The Malthusian League, founded in London, England, in 1877 promoted the use of contraception to limit family size. Activists Charles Bradlaugh and Annie Besant established the Malthusian League after they were arrested and exonerated for publishing a pamphlet describing techniques to prevent pregnancy. Founders based the league on the principles of Thomas Malthus, a British nineteenth century economist, who wrote on the perils of a population growing beyond the resources available to support it. The Malthusian League advocated for limiting family size voluntarily through contraception to avoid the overpopulation and poverty cautioned in Malthus’ work. After fifty years, the Malthusian League closed due to the increasing disapproval for Malthus’s economic theories of population and poverty. However, the Malthusian League’s activism during the late nineteenth and early twentieth centuries led to more tolerant views of contraception and family planning in Great Britain in the twentieth century.

Annie Wood Besant was a social activist who advocated for women’s access to birth control as well as marriage reform, labor reform, and Indian Nationalism in the nineteenth century in England and India. In her early career, Besant was involved in various social and political advocacy organizations including the National Secular Society, the Malthusian League, and the Fabian Society. Besant gave many public lectures and authored various articles in support of secularism, workers’ rights and unionization, and women’s rights. In 1877, Besant and her colleague Charles Bradlaugh republished the pamphlet The Fruits of Philosophy, by Charles Knowlton, on reproduction and contraception. Besant and Bradlaugh were tried for violating the obscenity law that prohibited the publication of obscene material, including sex and contraception. Later in her life, she converted to theosophy and moved to India where she joined the Theosophical Society. In India, Besant campaigned for Indian self-rule and became the president of the Indian National Congress. Besant, through republication of The Fruits of Philosophy and many public lectures and writings on women’s rights, expanded public knowledge of birth control.

Charles Bradlaugh was as a political and social activist in the seventeenth century in England. He held leadership positions in various organizations focused on social and political activism including the Reform League, the London Secular Society, the newspaper National Reformer, and the National Secular Society. Throughout his career, Bradlaugh advocated for better conditions for the working poor, and for the separation of government and religion. The British government prosecuted him numerous times for violating laws prohibiting the publication, sale, and transmission of antireligious, antigovernment, and obscene materials. In 1877, Bradlaugh and another secularist, Annie Besant, republished The Fruits of Philosophy, a pamphlet about contraceptive techniques originally whose author was physician Charles Knowlton. In the nineteenth century, individuals did not have access to information on sex, reproduction, and contraception, as much of society argued such information encouraged immoral behavior. Bradlaugh and Besant were tried for publishing information on sexual anatomy, conception, and methods to control reproduction. Bradlaugh expanded public knowledge of reproduction and contraception, and initiated the process of dismantling the obscenity laws.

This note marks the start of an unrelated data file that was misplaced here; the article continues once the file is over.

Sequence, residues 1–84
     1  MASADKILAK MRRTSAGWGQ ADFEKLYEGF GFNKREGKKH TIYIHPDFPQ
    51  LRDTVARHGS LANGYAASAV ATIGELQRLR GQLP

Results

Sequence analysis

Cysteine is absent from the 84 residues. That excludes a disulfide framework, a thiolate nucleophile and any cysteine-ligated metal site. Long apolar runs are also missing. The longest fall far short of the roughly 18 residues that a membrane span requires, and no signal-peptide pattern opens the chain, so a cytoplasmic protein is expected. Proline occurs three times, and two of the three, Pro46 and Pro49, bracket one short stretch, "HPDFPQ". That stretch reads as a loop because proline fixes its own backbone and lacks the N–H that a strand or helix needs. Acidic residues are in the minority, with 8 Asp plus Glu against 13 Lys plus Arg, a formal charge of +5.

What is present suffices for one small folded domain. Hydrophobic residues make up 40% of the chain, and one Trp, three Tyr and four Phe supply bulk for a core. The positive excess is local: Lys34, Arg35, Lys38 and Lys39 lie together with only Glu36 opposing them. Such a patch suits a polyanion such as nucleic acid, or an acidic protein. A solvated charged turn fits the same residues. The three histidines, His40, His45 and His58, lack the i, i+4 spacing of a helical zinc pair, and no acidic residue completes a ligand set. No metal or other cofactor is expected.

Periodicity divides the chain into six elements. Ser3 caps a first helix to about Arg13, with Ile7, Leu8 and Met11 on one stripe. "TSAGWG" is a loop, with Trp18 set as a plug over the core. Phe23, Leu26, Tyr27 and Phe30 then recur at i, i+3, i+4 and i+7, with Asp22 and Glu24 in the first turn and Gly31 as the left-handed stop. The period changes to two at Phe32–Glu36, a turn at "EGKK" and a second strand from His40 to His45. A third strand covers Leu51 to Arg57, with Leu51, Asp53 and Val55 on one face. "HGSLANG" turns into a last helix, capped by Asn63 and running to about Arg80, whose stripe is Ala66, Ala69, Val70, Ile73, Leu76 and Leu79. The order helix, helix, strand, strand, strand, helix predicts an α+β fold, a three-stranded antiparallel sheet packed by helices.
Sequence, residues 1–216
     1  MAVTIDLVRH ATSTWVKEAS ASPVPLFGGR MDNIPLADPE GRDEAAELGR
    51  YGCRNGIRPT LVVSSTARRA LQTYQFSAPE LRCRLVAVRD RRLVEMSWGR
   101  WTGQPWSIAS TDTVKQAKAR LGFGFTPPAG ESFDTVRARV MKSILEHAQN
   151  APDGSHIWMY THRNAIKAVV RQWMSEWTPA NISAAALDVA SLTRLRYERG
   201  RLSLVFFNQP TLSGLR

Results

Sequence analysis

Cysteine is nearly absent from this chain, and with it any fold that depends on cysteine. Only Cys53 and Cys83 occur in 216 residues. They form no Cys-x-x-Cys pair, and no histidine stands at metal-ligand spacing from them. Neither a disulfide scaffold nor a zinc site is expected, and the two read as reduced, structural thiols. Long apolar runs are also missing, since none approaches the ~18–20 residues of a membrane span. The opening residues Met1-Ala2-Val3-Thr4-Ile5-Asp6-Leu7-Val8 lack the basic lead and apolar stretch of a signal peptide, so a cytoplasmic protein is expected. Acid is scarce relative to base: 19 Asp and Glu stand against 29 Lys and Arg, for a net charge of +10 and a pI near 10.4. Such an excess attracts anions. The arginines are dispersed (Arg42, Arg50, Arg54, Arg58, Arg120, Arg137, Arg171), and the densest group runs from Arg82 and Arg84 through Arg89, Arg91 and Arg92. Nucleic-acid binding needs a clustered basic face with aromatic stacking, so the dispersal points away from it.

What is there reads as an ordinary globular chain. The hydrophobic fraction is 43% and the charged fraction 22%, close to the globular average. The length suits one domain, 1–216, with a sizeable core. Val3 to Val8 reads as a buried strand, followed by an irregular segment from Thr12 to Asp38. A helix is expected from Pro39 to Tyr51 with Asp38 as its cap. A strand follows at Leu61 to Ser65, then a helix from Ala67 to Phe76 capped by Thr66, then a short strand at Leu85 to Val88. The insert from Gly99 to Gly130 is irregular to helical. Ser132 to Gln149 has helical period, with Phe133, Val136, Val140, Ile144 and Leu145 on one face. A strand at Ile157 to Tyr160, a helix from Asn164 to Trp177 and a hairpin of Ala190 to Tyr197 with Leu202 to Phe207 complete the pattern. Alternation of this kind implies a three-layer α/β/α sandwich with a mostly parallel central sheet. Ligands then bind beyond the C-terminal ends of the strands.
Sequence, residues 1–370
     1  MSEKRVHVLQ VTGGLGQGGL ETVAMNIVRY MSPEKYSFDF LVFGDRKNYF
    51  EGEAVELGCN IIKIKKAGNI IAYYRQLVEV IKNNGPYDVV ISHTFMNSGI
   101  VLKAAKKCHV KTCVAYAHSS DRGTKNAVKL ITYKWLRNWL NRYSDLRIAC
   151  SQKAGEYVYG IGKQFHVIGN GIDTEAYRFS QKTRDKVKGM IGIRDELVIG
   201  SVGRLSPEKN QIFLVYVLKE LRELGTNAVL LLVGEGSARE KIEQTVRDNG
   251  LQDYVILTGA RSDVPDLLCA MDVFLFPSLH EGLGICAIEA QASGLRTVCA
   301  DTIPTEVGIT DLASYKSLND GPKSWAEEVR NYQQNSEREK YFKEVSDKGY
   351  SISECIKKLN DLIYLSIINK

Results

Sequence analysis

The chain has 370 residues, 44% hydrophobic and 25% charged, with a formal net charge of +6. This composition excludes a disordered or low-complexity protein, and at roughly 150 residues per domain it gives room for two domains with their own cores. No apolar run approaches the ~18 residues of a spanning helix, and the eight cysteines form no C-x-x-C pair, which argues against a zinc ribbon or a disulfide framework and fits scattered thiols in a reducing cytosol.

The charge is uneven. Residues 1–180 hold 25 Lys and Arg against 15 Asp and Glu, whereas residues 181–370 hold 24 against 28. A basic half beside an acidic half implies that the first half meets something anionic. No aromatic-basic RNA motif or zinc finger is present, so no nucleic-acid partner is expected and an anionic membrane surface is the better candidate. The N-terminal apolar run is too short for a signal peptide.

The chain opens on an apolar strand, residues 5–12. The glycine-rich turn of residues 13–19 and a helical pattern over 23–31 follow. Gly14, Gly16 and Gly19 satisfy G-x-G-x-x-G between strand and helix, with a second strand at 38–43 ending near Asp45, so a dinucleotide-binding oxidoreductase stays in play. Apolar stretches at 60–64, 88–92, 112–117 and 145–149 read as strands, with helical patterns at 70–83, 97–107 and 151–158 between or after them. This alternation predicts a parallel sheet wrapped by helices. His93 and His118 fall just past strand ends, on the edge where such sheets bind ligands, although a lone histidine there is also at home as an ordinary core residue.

Norman Haire was a physician who advocated for eugenics, which is the betterment of human population by promoting positive traits, and birth control rights in the twentieth century in both Australia and the UK. In the UK, Haire joined the Malthusian League, a contraception advocacy organization, and helped the League open the first physician-supervised birth control clinic, called Walworth Women’s Welfare Centre in London, England. Throughout his life, Haire worked closely with other well-known contraception and women’s rights advocates in the early 1900s including Margaret Sanger, Marie Stopes, and Havelock Ellis. Haire was also known for his work on sexual rejuvenation, an early twentieth century theory that the male sexual appetite could be restored through vasectomies and hormonal injections. Haire advocated for birth control rights through his practice, conference lectures, radio debates, and published work. His activism in the fields of eugenics, contraception, and sexual reform promoted the emergence of more liberal attitudes towards sex and controlled reproduction and in the twentieth century.

Emma Goldman was a traveling public speaker and writer known for her anarchist political views as well as her opinions on contraception and birth limiting in the late nineteenth century in the United States. Goldman identified as an anarchist, which she explained as being part of an ideology in which people use violence to provoke or demand social and political change. Goldman was involved in many anarchist social groups and published the anarchist magazine Mother Earth. She spent the majority of her life traveling the US and Europe giving lectures and presentations to spread her views on the political events during her lifetime. Goldman also worked to spread awareness about birth control and contraceptive options in response to the lack of birth control options she witnessed while working as a nurse. By advocating for birth control in her travels, Goldman brought international attention to topics like birth control and women’s rights during the late nineteenth and early twentieth centuries.